In the early stages of the coronavirus pandemic, many readers revisited Emily St. John Mandel‘s prophetic dystopian novel, Station Eleven, about a flu that wipes out most of the earth’s population. Her follow-up, The Glass Hotel, is a more grounded work: Like Station Eleven, it examines how one event—in this case the toppling of a Bernie Madoff-esque schemer—impacts a large group of seemingly unconnected characters. But if Station Eleven is a novel about a lack of choice in the face of an unstoppable catastrophe, The Glass Hotel is a book about the choices we can make, and their long-term consequences. Turning a blind eye to your husband’s crimes could change the trajectory of the rest of your life—as could claiming credit for someone else’s artwork. After many engrossing chapters, each told from the perspective of a new character, the themes of this kaleidoscopic novel lock into place. The characters are haunted by their pasts and must choose to either reckon with the ghosts of their mistakes or succumb to them. The stories add up to a profound meditation on personal responsibility at a time when everything seems out of our control.

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Trump Books Four Seasons Total Landscaping Instead Of Luxury Hotel For Press Conference

The Trump team held a press conference in a parking lot outside Four Seasons Total Landscaping in Philadelphia

On Saturday November 7, Joe Biden won the 2020 U.S. Presidential election. As people celebrated in the streets across the country, Trump and his legal team prepared for a news conference to talk about voter fraud (despite the fact there’s no evidence to support it) and their plans to file additional law suits. Instead of the presser being at the Four Seasons Hotel Philaelphia, where Trump initially tweeted it would be held, it was actually held at Four Seasons Total Landscaping, a landscaping company situated under the interstate, next to an adult bookstore, and across from a crematorium. I mean, the jokes just write themselves.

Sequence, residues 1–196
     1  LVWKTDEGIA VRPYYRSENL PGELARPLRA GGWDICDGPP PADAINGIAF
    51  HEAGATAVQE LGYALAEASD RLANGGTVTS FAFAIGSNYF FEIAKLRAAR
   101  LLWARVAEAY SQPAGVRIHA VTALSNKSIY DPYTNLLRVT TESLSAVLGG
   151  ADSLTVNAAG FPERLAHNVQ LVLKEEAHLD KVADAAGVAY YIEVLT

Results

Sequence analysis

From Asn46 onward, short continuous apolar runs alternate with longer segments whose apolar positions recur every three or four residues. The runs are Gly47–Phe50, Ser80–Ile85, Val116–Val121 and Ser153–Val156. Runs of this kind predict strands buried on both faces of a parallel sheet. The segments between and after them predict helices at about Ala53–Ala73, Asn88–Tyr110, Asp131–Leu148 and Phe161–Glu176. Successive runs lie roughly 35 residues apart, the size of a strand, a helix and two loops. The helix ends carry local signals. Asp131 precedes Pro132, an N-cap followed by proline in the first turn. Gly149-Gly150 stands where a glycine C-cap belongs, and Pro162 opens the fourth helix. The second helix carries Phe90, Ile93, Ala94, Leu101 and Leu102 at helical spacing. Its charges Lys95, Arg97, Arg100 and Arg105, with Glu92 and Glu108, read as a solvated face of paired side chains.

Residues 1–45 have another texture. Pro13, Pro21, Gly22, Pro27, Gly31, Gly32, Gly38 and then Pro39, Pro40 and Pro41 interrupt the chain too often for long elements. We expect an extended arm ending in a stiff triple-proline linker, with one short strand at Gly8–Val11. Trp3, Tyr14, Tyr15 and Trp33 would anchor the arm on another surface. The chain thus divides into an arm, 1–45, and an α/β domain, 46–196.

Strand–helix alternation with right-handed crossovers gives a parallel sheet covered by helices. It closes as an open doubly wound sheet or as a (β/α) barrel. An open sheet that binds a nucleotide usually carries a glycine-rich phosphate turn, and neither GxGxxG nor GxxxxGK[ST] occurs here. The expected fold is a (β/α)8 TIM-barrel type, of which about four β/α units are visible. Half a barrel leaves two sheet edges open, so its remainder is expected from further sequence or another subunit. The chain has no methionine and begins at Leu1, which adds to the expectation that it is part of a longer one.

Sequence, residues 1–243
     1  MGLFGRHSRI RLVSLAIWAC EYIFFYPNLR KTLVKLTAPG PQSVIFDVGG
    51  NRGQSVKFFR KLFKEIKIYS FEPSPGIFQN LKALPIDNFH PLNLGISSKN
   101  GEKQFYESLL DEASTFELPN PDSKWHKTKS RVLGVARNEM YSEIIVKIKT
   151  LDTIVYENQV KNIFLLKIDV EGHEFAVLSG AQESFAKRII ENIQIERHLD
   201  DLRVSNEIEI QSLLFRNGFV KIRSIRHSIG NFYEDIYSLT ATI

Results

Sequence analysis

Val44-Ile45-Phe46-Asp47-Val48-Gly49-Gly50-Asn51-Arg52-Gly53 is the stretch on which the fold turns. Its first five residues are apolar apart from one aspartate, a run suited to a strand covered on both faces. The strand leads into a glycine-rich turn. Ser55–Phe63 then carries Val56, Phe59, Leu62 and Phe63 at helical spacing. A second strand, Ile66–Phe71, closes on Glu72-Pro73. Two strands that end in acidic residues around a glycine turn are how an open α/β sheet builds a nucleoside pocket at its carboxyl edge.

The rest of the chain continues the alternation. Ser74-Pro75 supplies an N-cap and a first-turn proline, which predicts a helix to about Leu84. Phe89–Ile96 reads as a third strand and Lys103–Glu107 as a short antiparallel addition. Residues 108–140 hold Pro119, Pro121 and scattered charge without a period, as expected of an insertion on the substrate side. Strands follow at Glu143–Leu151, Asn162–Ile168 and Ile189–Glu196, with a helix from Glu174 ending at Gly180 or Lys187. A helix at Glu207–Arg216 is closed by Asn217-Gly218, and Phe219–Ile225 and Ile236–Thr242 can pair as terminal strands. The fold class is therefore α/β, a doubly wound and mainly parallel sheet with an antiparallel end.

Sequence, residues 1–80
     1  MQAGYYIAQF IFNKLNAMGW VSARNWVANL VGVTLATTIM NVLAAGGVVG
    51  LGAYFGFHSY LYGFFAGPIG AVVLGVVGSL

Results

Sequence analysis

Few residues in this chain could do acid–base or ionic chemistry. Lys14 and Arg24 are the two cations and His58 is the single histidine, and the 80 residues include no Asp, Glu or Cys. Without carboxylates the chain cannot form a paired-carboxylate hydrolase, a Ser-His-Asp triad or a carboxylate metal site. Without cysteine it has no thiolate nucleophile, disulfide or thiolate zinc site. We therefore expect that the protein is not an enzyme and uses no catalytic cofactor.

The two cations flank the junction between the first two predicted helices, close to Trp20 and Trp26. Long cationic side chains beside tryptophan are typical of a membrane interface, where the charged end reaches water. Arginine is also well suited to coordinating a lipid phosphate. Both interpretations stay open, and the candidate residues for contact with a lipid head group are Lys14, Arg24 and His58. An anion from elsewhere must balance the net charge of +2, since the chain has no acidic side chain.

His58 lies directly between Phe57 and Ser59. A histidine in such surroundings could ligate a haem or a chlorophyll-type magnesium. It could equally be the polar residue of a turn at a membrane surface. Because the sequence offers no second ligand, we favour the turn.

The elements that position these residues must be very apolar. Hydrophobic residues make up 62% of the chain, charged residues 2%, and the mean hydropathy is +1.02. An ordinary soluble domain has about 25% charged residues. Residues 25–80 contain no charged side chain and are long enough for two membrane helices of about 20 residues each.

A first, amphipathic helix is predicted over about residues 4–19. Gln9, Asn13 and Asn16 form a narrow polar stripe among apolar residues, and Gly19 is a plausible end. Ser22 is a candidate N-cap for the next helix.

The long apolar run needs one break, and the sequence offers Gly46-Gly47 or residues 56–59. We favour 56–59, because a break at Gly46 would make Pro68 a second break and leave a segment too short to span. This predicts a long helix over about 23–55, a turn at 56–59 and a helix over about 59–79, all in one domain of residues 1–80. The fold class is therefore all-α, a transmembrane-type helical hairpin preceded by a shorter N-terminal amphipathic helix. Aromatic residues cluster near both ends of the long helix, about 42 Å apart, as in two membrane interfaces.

“Lawyers News Conference Four Seasons, Philadelphia. 11:00 a.m.,” President Trump tweeted Saturday morning, before issuing a second tweet that it was not at the luxury downtown hotel but rather outside a business called Four Seasons Total Landscaping. Slate reports that Rudolph W. Giuliani, the president’s personal lawyer, was standing by when confused journalists arrived at the site and quickly speculated that someone in the Trump campaign made an error when booking the location.

In the parking lot, a podium was set up in front of a closed garage door with a Trump campaign poster. Across the street, oh so poetically, a crematorium sat. Fantasy Island Adult Bookstore was located right next door. During the news conference, Giuliani insisted that Trump was not going to concede the election and again claimed, without evidence, that ballots had been tampered with in the state of Pennsylvania.

The humble area seemed a far cry from a location Trump or anyone on his team would normally hang out let alone hold a serious press conference contesting election results. As people began to realize what looked like a hilarious mistake had, in fact, happened, Twitter erupted with the kind of joy that only a moment like this could create.